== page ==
Top 6 Signs You Need a New Marine Battery

No battery lasts forever, and marine batteries are certainly no exception to this. The issue with a bad marine battery, however, is that if it goes bad, you could find yourself stranded miles out in the middle of a large body of water. That’s the last situation you want to be in.

As such, you need to be cognizant of signs that your battery is nearing its end. Wondering what these signs are? Here are the top 7 signs that you need a new marine battery.

1. The Battery Loses Voltage Rapidly After Being Recharged

You need to make sure that your battery has plenty of charge. If you take your boat out at least once a week, it should stay charged as a matter of course. However, if you miss a week, you’re strongly advised to charge your battery with a charger.

Now, when you do this, you shouldn’t just assume all is well. You should use a multimeter to ensure that the charge held overnight. If voltage drops dramatically overnight, it’s a sign that the battery is on its last leg.

In particular, if the charged boat battery registers at less than 12.4 volts, it’s in need of a change. At that point, the battery could die at any time. You certainly don’t want it to die while you’re out on the water.

2. The Battery Is Starting to Charge Slowly

You’ve charged your battery more than several times, and, at this point, you have a pretty good ideas as to how long it takes to charge fully. The issue is that it’s not charging as quickly as it once did.

Is this cause for concern? You bet it is. A slow-charging battery is generally regarded as a battery that’s near the end of its usefulness.

That said, there are other problems that can lead to this. For instance, your charger itself could be damaged in some way. Or, you might just be doing a poor job of maintaining your battery.

Our advice is to have a boat repair technician check out your battery. They’ll decide whether anything can be repaired, or whether it’s time to replace that batter entirely.

3. The Battery’s Terminals Are Corroding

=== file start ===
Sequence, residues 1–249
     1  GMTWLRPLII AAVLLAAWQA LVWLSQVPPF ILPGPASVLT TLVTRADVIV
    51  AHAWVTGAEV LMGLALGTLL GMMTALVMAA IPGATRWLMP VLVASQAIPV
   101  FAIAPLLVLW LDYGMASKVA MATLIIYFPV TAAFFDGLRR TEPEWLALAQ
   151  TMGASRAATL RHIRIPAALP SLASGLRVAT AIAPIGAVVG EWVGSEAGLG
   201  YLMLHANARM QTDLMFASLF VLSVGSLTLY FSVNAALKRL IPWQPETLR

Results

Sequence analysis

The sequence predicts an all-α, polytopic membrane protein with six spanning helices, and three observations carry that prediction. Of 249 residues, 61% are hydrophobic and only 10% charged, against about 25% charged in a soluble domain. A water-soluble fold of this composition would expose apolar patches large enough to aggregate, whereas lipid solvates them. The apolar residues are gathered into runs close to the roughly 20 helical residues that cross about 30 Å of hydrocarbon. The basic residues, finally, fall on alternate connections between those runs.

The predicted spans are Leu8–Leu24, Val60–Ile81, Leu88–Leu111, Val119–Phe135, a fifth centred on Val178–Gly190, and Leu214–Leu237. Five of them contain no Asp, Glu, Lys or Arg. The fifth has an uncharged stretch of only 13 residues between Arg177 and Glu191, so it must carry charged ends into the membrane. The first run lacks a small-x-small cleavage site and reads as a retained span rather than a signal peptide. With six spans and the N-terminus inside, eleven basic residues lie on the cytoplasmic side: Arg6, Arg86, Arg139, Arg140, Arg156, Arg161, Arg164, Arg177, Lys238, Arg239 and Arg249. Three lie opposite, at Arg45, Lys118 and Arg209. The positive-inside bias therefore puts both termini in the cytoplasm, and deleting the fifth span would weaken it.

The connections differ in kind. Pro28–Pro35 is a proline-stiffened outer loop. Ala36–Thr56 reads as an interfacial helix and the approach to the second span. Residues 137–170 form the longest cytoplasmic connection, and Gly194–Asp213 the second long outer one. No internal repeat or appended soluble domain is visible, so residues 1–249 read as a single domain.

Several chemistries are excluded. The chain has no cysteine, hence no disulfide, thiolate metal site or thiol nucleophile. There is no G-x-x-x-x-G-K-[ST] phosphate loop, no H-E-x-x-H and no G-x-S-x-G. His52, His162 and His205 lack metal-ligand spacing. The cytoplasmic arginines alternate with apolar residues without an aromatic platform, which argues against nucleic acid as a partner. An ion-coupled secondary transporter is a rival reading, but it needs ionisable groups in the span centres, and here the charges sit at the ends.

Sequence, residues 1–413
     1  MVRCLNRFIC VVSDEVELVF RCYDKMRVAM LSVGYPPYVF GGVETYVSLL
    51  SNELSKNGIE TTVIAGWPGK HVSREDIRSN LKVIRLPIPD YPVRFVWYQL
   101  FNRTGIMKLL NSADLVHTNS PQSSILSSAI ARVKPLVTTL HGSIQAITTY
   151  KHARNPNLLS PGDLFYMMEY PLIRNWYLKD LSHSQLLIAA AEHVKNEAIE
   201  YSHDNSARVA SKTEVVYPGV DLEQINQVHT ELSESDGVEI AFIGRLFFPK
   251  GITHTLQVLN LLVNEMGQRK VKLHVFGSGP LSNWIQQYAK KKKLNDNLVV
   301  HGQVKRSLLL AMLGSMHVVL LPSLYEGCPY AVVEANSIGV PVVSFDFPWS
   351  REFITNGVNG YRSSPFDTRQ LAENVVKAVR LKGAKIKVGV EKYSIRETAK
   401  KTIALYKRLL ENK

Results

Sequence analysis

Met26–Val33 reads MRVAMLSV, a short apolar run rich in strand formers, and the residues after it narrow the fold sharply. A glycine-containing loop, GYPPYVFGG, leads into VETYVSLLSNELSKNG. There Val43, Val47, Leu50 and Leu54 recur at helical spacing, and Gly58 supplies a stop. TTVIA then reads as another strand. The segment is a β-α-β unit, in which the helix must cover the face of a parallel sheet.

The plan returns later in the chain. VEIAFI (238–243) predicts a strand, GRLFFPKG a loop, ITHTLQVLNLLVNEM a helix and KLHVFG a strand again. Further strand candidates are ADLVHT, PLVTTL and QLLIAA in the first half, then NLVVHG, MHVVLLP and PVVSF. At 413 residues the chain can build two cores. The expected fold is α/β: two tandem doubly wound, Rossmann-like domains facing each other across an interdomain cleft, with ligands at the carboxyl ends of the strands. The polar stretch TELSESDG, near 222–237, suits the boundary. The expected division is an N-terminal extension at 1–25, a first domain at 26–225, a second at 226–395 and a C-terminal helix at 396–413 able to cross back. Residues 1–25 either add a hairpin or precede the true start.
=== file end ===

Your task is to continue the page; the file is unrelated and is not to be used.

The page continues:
On top of your marine battery are two opposing pieces of metal known as terminals. Over time, these terminals can corrode.

This is generally caused by overcharging, hydrogen gas leakage, or electrolyte leakage. Note that over-exposure to baking soda can also result in corroded terminals (baking soda is sometimes used to counteract leaking chemicals).

Regardless, the chemicals that seep out of a corroded battery can be dangerous, particularly if you touch them and accidentally put your fingers in your eyes or your mouth. Not to mention, if the battery terminals are corroding, the battery isn’t working to the best of its capabilities and could be nearing its end.

Therefore, the second you notice this start to happen, you need to think about replacing your battery. At the very least, have it checked out by a boat mechanic. They’ll determine the specific issue and facilitate the best course of action.

4. The Battery’s Casing Is Cracked

Another sign to look out for is a cracked battery casing. Battery casings cracks for a variety of reasons. Sometimes, they’re just met with direct physical trauma; other times, they crack as a result of ultra-tight terminals or expanding chemicals within the battery itself.

Regardless, this is a problem that will generally trigger a replacement. See, a cracked battery isn’t just an aesthetic issue. It’s also at risk of overheating and, in the most severe cases, exploding.

In other words, a cracked battery could become a legitimate danger to you. This is why, in the majority of cases, it’s wiser to replace the battery than to keep it on board.

5. Unusual Boat Peformance

You’ve driven your boat time and time again. You know exactly how it operates and can spot even a minor issue any time it arises. Well, rest assured, this minor issue could very well have to do with a bad battery.

For instance, if it takes more time than usual for your engine to turn over, there could be something wrong with your battery. Or, if your boat feels sluggish while accelerating, there could be something wrong with your battery.

There could even be minor issues with the electronics on your boat. For example, your fish finder could be turning off for seemingly no reason. Again, a bad battery could be the culprit.

Regardless, there’s something amiss. This is why you need to have your boat inspected by a professional mechanic. They’ll find the source of the issue and help you make all of the required repairs and replacements.

6. The Electronics on the Boat Aren’t Working

The last sign to look out for is electronics on the boat not working. If the radio isn’t starting up, or if the fishfinder isn’t firing up, there’s a good chance that a dead battery is the culprit.

This is why it’s wise to test the boat before heading to the water. This way, you don’t make a big trip only to be unable to go out on the water.

Turn the ignition on your boat each time before you get ready to leave. If those electronics don’t turn on, further inspection is necessary.

Fortunately, marine batteries are readily available and reasonably priced as well. You can order one online from a marine battery supplier and have it shipped to you within a week.

Looking to Install a New Marine Battery in Asia?

Has your marine battery seen better days? Looking to install a new marine battery? If so, you needn’t look any further than RB Battery.

We offer a wide variety of marine batteries and ship them all over Asia. Regardless of your needs, we have a battery that will accommodate you.

Check out our selection of marine batteries now!